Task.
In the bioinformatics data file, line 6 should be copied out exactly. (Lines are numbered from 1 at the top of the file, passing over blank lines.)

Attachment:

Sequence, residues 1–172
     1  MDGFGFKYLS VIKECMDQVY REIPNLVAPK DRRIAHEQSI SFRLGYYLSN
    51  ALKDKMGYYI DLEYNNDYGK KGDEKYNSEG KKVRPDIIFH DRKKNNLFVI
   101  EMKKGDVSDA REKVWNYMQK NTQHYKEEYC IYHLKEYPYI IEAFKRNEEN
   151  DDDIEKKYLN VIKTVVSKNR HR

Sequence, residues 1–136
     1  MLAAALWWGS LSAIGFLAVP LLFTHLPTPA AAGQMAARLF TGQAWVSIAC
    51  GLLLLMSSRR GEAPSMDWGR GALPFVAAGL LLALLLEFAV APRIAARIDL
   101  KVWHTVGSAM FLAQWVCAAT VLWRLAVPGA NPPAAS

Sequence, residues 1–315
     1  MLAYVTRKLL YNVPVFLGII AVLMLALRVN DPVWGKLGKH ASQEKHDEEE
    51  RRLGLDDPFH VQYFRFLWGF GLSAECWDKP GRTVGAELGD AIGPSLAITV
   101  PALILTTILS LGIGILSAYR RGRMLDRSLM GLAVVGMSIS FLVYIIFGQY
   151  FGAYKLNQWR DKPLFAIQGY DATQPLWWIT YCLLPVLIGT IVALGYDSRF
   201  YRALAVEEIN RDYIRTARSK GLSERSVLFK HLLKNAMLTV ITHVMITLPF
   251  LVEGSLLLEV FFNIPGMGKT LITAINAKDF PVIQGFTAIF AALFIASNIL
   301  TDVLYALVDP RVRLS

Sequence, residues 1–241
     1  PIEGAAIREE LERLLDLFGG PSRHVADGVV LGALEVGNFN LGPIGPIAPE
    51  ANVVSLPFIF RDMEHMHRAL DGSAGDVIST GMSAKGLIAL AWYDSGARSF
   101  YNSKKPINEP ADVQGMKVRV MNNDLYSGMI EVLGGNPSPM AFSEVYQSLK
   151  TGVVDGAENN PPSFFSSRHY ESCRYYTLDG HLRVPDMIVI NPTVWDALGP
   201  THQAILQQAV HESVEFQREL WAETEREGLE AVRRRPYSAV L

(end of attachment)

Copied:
Sequence, residues 1–136